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Dietz Genealogy

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Robert Edwin & Anna Hadwick Dietz


John Joachim Dietz Jr.,
b. July 16, 1791
Sophia Meinell Dietz
July 10, 1793


Michael, b. Feb. 9, 1793
Elizabeth Margaretta,
b. Feb. 26, 1795
Catherine, b. Oct. 13, 1897
Mary Elizabeth, B. May 20th, 1800
Andrew, b. February 16th, 1802
George, b. May 13, 1803 


John George, b. Dec. 26, 1814
William Henry, b. May 29, 1816
Alfred Meinell, b. Sept. 28, 1819
Mary Ann, b. July 23, 1821
Samuel Dunbar, b. August 17, 1823
James Meinell, b. May 26, 1825
Sophia Ann Meinell, b. Oct. 29, 1829
Michael Alexander, b. Aug. 2, 1830
Mary Elizabeth, b. May 9, 1835

(Children of Anna & Robert Dietz)

Mary Augusta Dietz, b. 1847
William Henry White
(Husband and
Son In-Law of R.E. Dietz)
(No Children)

rederick Dietz, b. 1849
Marie Louise Hick (Wife)
(No Children)

Anna Louise Dietz-Clement, b. 1850
Frank H. Clement (Husband and
Son In-Law of R.E. Dietz)

John Edwin Dietz, b. 1858
Olga Sanderson (Wife)

William Meinell Dietz b. 1860
(No Children)

Henry James Dietz, b. 1863
(No Children)

Howard James Dietz, b. 1867
Susan McLeod (Wife)
Stella Fairlamb (2nd. Wife)

(No Children)

(Children of
Olga & John E. Dietz)

Ethel Dietz-Nichols
Marton C. Nichols (Husband)

Robert E. Dietz II 
Barbara Johnson (Wife)

(Children of Barbara & R.E. Dietz II)
Robert E. Dietz III, b. 1915, d.1991
Ann Augusta Espe (Wife),
 b.1916, d.2000

Gerry Johnson Dietz, b. 1917
Cynthia Ann Goodhart-Dietz (Wife)

John "Sandy" Sanderson Dietz,
b. 1919

Julia Grant (Wife)

Olga Dietz-Turner, b. 1924
John Davenport Turner (Husband)

(Children of Cynthia & Gerry Dietz)
Hugh H. Dietz
Michael H. Dietz
Susan Larsen & Cynthia G. Dietz (Twins)

(Children of Julia & John S. Dietz)

John "Jed" E. Dietz
Ulysses Grant Dietz
Edith Dietz (Deceased)
Ned Dietz (Deceased)

(Children of Ann & Robert E. Dietz III)

Gerry Dietz-Saunders (Daughter), b. 1939
Robert E. Dietz IV, b. 1941
Theodore "Ted" Espe Dietz, b. 1942

Ethelinda Dietz, b. 1945

(Children of Olga & John Turner)

Timothy Turner
Thomas Turner
Barbara Turner
Olga Turner

(Children of Theodore Dietz)
Zacharia E. Dietz of Ames, IA,
Maya H. Dietz of Seattle
Jessica Dietz-Wells of Lebanon, OR

Holly Dietz Algermissen of Albuquerque,

(Children of Jessica Wells)
Jonah Wells
Jackson Wells

(Children of Holly Dietz Algermissen)
Anna Louise Algermissen
Ella Marie Algermissen
John Algermissen


If you are a descendant of R.E. Dietz, please e-mail us for inclusion in our Dietz genealogy.






The ongoing amalgamation of historical, and sometimes trivial, information found here has been assembled from various sources, which includes:  The 1913 book "A Leaf from the Past" by Fred Dietz; Various Dietz Co. Catalogs and Price Lists published from 1874 to 1989;  The United States Patent Office Archive;  Ulysses G. Dietz' book, "Victorian Lighting - The Dietz Catalog of 1860"  The research of Linda Black;  And my personal research of the R.E. Dietz Archive, historical newspaper reports, as well as correspondence and interviews with Dietz family members and former employees, and other sources.

Please NOTE: 
If you wish to use text from this webpage in an auction or sales description,
please include a credit line that reads:

The Beginning:

Monday, January 5, 1818

Robert Edwin Dietz was born in New York on January 5, 1818 in a house on the corner of Spring and Crosby Streets built by his grandfather who came to America during the War of Independence.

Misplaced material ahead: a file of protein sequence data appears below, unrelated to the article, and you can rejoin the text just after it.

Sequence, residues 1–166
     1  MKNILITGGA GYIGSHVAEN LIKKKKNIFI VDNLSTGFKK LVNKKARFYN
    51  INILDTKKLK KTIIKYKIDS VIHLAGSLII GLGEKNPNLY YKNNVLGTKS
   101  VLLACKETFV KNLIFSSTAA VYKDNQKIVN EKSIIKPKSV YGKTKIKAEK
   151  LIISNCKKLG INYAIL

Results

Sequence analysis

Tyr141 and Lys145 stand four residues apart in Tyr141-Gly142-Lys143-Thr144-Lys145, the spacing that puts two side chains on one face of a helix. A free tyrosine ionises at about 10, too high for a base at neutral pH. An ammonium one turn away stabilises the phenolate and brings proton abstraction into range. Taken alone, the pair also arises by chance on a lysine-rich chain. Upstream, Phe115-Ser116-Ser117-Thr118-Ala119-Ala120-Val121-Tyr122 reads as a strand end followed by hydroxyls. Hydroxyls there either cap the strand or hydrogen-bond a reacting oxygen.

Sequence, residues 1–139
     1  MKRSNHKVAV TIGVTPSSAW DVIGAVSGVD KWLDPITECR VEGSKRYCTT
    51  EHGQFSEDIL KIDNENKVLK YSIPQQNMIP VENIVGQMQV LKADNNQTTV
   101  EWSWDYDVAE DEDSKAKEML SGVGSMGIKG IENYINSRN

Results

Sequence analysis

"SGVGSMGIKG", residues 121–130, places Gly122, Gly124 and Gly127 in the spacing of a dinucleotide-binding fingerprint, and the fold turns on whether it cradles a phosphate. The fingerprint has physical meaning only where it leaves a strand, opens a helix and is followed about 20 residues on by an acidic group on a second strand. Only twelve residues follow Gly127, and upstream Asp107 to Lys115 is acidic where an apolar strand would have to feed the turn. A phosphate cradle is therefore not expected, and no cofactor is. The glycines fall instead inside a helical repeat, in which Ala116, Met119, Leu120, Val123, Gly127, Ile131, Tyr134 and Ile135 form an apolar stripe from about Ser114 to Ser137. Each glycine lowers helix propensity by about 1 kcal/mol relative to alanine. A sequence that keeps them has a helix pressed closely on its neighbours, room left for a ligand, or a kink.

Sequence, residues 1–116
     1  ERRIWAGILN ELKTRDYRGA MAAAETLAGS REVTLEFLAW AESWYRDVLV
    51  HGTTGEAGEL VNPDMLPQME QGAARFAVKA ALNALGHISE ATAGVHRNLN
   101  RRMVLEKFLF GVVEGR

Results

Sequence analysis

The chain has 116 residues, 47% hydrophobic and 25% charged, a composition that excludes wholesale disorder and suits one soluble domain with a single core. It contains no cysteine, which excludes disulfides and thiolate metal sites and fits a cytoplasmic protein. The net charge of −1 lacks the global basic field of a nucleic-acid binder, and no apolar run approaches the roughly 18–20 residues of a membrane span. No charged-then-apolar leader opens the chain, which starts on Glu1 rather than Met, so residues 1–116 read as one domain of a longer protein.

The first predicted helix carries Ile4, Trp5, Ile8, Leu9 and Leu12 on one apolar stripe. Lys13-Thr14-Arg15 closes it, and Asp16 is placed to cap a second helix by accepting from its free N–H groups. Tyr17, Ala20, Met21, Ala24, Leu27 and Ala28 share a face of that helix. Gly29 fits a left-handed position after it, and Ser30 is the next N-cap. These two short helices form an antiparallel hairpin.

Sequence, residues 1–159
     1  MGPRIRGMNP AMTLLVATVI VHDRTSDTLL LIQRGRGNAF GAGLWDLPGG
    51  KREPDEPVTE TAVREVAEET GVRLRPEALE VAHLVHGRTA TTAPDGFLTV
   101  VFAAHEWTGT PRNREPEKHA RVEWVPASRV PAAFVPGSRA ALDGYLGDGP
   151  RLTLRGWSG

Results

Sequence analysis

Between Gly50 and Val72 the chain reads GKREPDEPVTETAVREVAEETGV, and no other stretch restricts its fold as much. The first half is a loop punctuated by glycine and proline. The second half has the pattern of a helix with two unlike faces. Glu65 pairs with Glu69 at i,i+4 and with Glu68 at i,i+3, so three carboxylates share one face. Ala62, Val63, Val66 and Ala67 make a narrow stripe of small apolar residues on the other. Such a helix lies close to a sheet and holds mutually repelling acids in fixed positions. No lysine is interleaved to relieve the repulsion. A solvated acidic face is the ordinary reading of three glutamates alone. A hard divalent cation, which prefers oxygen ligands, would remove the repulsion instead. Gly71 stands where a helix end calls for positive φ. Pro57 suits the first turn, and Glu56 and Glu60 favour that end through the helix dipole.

Anna Hadwick is born


Robert Edwin Dietz started as a hardware clerk for the firm of Woolf, Spies & Clark in Maiden Lane.


Robert Edwin Dietz became a volunteer fireman, joining the No. 9 Hose Company,
and later the "Lady Washington" No. 40 Engine Company on Elizabeth Street.

June 9, 1839
Tubular lantern Inventor John Henry Irwin was born
in Trenton, N.J. to Mr. and Mrs. David H. Irwin
Summer of 1840
Robert E. Dietz at Age 22, purchases a lamp & oil business at
62 Fulton St., at the corner of Columbia St., Brooklyn, New York.
He began manufacturing candle lanterns, and was able to save
$600 in the first year of business

Robert E. Dietz' brother, William Henry Dietz (b. May 29, 1816,) became partners to form Dietz, Brother & Company with their associate
John A.Weed
at No. 13 John Street, New York, N.Y.


Dietz, Brother & Company introduce sperm oil lanterns

Monday, February 2,1846

Amasmus French admitted to Dietz, Brother & Company

Saturday, May 16, 1846

Robert E. Dietz weds Anna Hadwick

September 29, 1847

Mary Augusta Dietz was born to Robert and Anna Dietz

February 9, 1849

Frederick Dietz was born to Robert and Anna Dietz

The 1850's:
January 15, 1850
Anna Louise Dietz was born to Robert and Anna Dietz

Dietz, Brother & Company sell "*Carcel" and "Doric" lamps, and manufacture improved camphene lamps, solar lamps, girandoles, hall lamps, and chandeliers.   They are awarded lighting contract for the
P.T. Barnum premier of Jenny Lind, the largest musical event in the History of New York up to that time


Dietz, Brother & Company renamed Dietz & Company
and build large factory at 132-134 William Street New York City, N.Y.
Begin manufacturing of lamps, burners, and gas fixtures
Robert's Brother Samuel Dunbar Dietz opens a Sales Office in San Francisco, California around this time.


Dietz & Company submit the first flat-wick burner for "modern" coal oil for patenting

December 1858

John Edwin Dietz was born to Robert and Anna Dietz
at the Dietz estate in Hempstead, Long Island

Dietz & Company begin manufacturing coal oil flat-wick burners

The 1860's:
May 6, 1860
William Meinell Dietz was born to Robert and Anna Dietz  
Dietz & Company opens sales office at No. 4 St. Pauls Building Little Carter Lane London, England.  This office was headed by
Michael Alexander Dietz (b. August 2, 1830-1883)